Pinging and Pingbacks
If you’re not blogging for a select few — family or friends — you probably want other people all over the world to read your blog. You could submit your blog to a search engine (like Google) but there’s nothing to differentiate your blog from any other website on the internet.
Specialized services have been developed to help track blog postings and topics on the internet.
Basically, when a post is made, if your blog is configured to do so, it notified or pings a blog service called a ping server which then automatically visits your blog (like a search engine) and checks for new content. The difference between a search engine and a ping server is that a ping server also picks up the tags (or labels or categories) a post has been labeled with, as well as links to other blogs. Technically, I would say a blog does not exist ‘officially’ until it makes its first ping, because ideally, the first post on a blog should make the first ping.
Most websites that run ping servers also have a blog search engine (Weblogs.com and Technorati for example) while some (Ping-o-matic for example) exist only to ping other ping servers. Ping servers frequently exchange data — if your blog pings Weblogs.com, you can expect your content to show on Bloglines and Technorati as well.
Let’s leave the mumbo-jumbo and get down to the practical aspect of pinging.
Most popular blogging platforms support automatic pinging. Blogger pings Weblogs.com and WordPress pings Ping-o-matic by default.
Note: In older versions of Blogger, pinging used to be on by default but now I think it’s automatically disabled. To enable pinging, go to your blog settings. Under publishing, follow the instructions in this Blogger configuration screenshot. Due to space constraints I won’t post any of WordPress, but you can contact me with questions.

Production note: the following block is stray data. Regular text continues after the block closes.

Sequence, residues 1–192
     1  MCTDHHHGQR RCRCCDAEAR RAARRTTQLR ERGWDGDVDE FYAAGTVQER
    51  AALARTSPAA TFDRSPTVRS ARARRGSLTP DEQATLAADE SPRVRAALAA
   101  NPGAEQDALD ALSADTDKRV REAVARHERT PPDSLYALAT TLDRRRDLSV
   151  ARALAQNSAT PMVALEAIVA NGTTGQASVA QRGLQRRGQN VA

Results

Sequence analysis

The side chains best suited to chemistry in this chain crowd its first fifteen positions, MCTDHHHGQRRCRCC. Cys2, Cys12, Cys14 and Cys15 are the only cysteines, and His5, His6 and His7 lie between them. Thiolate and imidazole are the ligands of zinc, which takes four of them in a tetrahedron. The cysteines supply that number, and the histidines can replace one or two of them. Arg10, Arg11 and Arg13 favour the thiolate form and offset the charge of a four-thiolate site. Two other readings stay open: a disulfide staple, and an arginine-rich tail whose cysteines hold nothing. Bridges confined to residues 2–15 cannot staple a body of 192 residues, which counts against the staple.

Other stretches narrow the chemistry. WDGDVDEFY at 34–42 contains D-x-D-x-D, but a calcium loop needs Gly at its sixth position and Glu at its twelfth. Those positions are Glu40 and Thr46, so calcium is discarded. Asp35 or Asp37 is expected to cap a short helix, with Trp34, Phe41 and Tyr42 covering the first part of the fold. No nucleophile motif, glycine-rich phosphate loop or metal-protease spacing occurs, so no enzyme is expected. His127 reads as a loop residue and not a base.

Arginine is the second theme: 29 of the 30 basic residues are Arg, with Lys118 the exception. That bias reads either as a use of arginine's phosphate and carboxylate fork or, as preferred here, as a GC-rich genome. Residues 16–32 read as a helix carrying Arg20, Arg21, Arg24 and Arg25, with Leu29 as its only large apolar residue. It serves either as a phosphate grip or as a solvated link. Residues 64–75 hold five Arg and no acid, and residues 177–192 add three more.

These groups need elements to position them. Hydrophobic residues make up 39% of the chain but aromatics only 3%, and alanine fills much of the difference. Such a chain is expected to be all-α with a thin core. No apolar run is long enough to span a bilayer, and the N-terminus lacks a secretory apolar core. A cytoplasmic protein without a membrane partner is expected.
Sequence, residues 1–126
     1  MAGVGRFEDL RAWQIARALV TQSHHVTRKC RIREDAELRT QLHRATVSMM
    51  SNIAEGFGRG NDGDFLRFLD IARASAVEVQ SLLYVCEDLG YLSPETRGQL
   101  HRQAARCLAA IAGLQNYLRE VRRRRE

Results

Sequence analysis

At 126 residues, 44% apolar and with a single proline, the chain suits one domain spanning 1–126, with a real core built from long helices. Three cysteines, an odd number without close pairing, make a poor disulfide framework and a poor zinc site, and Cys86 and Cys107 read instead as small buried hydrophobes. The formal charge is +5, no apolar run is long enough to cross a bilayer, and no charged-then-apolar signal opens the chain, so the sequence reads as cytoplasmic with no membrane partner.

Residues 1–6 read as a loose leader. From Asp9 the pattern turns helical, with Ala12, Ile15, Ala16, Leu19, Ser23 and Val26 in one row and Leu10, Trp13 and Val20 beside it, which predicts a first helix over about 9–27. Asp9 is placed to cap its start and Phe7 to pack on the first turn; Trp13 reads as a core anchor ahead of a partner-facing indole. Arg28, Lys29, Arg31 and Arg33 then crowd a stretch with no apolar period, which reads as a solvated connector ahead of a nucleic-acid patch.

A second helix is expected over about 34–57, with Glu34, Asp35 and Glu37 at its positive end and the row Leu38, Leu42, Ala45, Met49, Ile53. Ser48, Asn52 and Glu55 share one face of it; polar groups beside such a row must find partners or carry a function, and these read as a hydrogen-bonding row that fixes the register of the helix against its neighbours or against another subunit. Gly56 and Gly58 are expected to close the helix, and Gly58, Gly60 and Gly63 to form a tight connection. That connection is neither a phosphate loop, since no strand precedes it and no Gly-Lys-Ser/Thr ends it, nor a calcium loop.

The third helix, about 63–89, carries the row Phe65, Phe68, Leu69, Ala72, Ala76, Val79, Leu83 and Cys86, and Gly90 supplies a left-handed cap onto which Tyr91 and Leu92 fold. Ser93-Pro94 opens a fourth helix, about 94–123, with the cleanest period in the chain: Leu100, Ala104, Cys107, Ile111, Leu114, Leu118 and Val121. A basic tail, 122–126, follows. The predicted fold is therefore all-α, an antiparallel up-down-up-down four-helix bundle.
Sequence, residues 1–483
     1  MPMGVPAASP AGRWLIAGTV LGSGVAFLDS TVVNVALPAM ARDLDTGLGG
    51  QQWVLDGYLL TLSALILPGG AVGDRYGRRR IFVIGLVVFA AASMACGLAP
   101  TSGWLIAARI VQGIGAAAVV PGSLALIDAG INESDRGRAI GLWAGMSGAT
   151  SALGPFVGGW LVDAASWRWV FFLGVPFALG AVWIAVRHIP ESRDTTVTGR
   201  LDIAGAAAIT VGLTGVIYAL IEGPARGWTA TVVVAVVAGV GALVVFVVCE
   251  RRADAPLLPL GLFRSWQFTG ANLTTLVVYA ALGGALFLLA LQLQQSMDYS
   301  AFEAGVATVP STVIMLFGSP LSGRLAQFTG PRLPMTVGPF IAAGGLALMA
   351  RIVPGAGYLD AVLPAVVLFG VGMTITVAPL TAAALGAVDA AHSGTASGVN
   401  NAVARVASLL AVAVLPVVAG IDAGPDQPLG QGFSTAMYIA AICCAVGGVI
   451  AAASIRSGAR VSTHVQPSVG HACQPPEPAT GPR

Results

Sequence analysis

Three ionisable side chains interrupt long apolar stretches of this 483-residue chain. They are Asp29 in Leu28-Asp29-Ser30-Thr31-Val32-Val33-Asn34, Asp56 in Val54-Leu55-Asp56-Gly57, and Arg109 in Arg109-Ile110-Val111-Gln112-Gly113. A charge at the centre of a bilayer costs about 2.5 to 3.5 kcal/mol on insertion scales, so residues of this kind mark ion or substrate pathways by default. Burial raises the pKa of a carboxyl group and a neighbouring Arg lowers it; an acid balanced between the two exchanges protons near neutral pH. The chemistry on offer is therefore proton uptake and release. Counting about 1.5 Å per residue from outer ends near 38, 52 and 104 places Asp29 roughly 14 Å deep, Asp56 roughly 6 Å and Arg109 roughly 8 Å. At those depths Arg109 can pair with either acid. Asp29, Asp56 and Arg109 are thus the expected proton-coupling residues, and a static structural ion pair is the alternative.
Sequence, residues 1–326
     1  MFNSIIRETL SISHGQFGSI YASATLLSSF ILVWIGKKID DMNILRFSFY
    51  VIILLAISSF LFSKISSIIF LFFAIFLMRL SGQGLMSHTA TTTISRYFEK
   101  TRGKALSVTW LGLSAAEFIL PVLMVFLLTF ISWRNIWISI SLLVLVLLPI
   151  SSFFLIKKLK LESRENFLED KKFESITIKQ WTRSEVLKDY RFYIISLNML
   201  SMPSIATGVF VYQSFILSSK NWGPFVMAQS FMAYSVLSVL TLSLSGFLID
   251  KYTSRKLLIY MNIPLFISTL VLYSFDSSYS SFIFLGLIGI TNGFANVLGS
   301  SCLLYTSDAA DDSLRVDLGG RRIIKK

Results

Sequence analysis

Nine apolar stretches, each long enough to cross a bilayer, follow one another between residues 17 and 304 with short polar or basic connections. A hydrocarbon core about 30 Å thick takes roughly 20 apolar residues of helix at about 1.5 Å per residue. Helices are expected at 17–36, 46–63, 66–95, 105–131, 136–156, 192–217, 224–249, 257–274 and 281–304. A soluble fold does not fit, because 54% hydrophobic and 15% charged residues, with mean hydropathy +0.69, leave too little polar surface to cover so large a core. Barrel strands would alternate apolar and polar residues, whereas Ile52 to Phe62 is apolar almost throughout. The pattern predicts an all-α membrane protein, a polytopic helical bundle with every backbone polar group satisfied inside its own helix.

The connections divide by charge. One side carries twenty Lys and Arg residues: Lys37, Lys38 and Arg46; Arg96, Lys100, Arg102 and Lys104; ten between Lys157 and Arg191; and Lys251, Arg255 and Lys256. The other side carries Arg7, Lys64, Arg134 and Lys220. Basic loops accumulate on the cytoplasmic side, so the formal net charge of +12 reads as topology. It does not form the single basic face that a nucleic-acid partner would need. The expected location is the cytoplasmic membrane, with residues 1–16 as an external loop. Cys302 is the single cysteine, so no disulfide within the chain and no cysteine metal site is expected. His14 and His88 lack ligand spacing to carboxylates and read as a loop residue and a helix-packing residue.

I mentioned earlier that ping servers analyze other blogs linked from your post. If your blog supports and has pingbacks enabled, when you make a post the blog software attempts to look through all the links and discover which ones point to blog posts, then send a pingback to the blog with the post. Pingbacks are different from pings in that they’re essentially a blog-to-blog communication tool. In WordPress, pingbacks show up as comments with a link to the referring post. In Blogger, they show as a list of links at the bottom of the post.
Technorati, one of the biggest blog search engines, has a ranking system that calculates the number of blogs linking to the ranked blog, as well as the number of blog posts. In some cases, the numbers are inaccurate (especially when some blogs linking in don’t have pings or pingbacks enabled). Technorati also indexes the posts that are tagged with certain keywords.
Recently, Sokari and Imnakoya talked about the dearth of blogs showing up with the tag ‘Africa.’ The problem was, and still is, that a lot of African blogs are appropriately tagged but don’t do any pinging. Hopefully, if you’re reading this you’ll realize why it’s important. (Aside: These two links should send pingbacks to the two posts mentioned here, and you’ll get to see the pingback principle in action).
What’s the next step after this? I really have no idea. I’m not ‘advanced’ and I still think there’s a lot more bloggers (including me) need to know about blogging.
The flesh and bones of the blogging series ends here. I’ll post a conclusion and hopefully field questions in the last part of the series.